Chronic Illness Support Groups Transform Life for Sufferers

VITALS BLOG SUPPORT GROUPS 590x383 Chronic Illness Support Groups Transform Life for Sufferers Photo

Kotecki Vest was a broadcast journalist and political director. She stopped working after she was diagnosed with lupus.

“My immune system is so low that picking up my children at school is a danger,” she says. “So I keep my sanity with Facebook, Twitter, Instagram and wherever else we” — other lupus patients — “can all get together.”

Her online community includes a chronic-illness Facebook group, a lupus group and others. They bring her laughter, belonging, and information.

A PewResearch Internet Project reported that, as of November 2013, “One in four U.S. adults (24%) say they are living with a chronic condition. One in five (20%) are living with two or more conditions.”

Some of the most active chronic disease groups on the web are for conditions that afflict young women. According to a 2010 study done by Comscore, “Women are more engaged than men on the Internet, and they chart their own course.”

Dr. Joseph Kvedar, a dermatologist and founding director of the Center for Connected Health at Partners Healthcare System in Boston, sees a lot of potential in such groups.

“These wired, actively engaged patients can improve the management of their chronic diseases and lead to better health outcomes.” He continues, “Paying attention matters, people who are active enough to go and read about their condition on the Internet are people who pay more attention to their condition — and the more attention they pay to it the better they do.”

Top Online Support Groups

Julie Ryan suffers from Fibromyalgia, along with migraines and cluster headaches. She has been researching and writing about Fibromyalgia since she was diagnosed with it in 2010.

According to Ryan, online support groups are a way to learn about one’s own disease process, while supporting others.

“Understanding how these disorders affect those around us influences how we treat each other. More people are being diagnosed with fatigue related disorders. By understanding these disorders we learn to be more patient with others.”

A few large listings of support groups are available, with dozens of conditions represented:

Julie Ryan has catalogued the 10 most popular online support groups for women with fibromyalgia and other conditions. The top three are:

  • Patients Like Me, which boasts 40,000 members with Fibromyalgia.

  • Healing Well, which has online support groups for just about any diagnosis, including both Fibromyalgia and Chronic Fatigue Syndrome (CFS/ME).

  • Health Boards, which offers discussion forums for almost any health topic, including Fibromyalgia and Chronic Fatigue Syndrome.

Many support groups have also made their home either partly or entirely on Facebook. One obvious benefit of Facebook is the ease of communication and coordination via the platform, which many members use on at least a weekly basis. Among the many conditions represented are:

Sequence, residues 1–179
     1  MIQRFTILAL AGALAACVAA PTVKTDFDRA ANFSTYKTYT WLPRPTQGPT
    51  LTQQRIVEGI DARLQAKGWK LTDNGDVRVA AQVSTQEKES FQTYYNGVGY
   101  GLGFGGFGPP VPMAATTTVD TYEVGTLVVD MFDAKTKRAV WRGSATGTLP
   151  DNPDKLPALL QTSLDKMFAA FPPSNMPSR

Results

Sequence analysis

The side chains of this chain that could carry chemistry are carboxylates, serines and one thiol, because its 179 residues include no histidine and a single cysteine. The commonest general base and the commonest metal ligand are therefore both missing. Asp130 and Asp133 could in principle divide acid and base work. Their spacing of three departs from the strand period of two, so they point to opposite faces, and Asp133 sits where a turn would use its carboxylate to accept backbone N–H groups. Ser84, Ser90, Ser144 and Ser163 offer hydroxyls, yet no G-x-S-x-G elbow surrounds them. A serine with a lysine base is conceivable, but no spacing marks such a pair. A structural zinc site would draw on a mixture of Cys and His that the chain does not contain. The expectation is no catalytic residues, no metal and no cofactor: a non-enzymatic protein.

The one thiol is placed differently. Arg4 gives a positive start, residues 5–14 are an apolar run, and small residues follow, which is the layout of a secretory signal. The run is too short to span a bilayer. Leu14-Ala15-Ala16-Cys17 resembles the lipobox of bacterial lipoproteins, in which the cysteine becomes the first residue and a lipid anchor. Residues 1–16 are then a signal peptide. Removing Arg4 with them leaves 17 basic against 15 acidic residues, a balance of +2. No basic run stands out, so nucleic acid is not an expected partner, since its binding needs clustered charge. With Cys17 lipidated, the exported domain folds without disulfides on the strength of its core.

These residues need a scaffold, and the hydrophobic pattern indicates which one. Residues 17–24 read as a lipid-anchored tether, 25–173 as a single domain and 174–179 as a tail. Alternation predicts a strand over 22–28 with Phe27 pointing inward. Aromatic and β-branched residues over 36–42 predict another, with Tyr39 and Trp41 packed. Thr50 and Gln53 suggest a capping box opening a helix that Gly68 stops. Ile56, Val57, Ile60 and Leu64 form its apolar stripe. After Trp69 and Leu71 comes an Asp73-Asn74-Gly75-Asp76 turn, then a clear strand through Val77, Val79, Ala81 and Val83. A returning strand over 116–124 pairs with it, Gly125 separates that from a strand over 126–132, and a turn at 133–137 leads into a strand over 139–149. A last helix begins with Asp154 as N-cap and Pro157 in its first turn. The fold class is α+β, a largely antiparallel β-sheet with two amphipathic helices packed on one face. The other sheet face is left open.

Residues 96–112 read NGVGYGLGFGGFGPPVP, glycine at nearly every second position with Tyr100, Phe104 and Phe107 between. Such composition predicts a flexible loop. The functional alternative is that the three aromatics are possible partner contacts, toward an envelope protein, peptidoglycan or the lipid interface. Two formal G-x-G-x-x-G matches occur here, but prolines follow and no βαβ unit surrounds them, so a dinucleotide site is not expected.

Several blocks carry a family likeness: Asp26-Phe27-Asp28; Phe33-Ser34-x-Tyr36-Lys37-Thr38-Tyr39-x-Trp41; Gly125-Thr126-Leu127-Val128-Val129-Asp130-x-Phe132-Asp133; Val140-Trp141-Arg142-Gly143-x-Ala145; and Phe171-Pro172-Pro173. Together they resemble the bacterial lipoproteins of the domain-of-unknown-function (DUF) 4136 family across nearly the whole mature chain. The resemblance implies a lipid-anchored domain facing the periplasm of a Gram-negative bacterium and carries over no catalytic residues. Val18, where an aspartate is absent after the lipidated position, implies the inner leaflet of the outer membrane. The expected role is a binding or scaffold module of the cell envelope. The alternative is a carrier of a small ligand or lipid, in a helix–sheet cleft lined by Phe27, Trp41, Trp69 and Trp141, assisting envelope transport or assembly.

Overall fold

• Asthma (Asthma Support and Resource Group, Food Allergy and Asthma Support Group of North Jersey)

  • Breast cancer (My Breast Cancer Support, Pink Ladies Breast Cancer Support Group, Support the Fight Against Breast Cancer)

  • COPD (Breathe Better, COPD Support Ireland)

  • Depression (Depression and Anxiety Support Group, Anxiety and Depression Support Group, Depression and Bipolar Support Alliance)

  • Diabetes (Diabetes Support, Diabetes Support Group)

  • Fibromyalgia (Fibromyalgia Support Group, Fibromyalgia Support Groups by Aimee)

  • Heart disease (Congestive Heart Failure Support Group, The Heart Attack Survivor Group, HeartLinks Heart Transplant Support Group)

  • High blood pressure (Greater Atlanta Pulmonary Hypertension Support Group, NW Pediatric Pulmonary Hypertension Support Group)

  • Multiple sclerosis (Multiple Sclerosis Support Group, Multiple Sclerosis Foundation)

  • Obesity (Obesity Support Group,

And yes, there’s even a support group for Facebook addiction. Its effectiveness is anyone’s guess!

Starting Your Own

If you have a rare disease with no online community, you might want to start your own. This is a chance to make a difference in the lives of other people. But be warned: this responsibility should not be taken lightly. It takes work and a real time commitment to create and run a group. Some websites offer helpful guidance:

If you have a common health issue, it might not make sense to start a new support group. There are over 12,000 “chronic pain” support groups in Yahoo’s “Health and Wellness” section. Instead, search for a group that matches your needs; you can sort groups by size or by years in existence.

Whether you join a group or start your own, remember: your support needs are what brought you here. Treat your fellow group members with the same kindness and respect that you expect for yourself.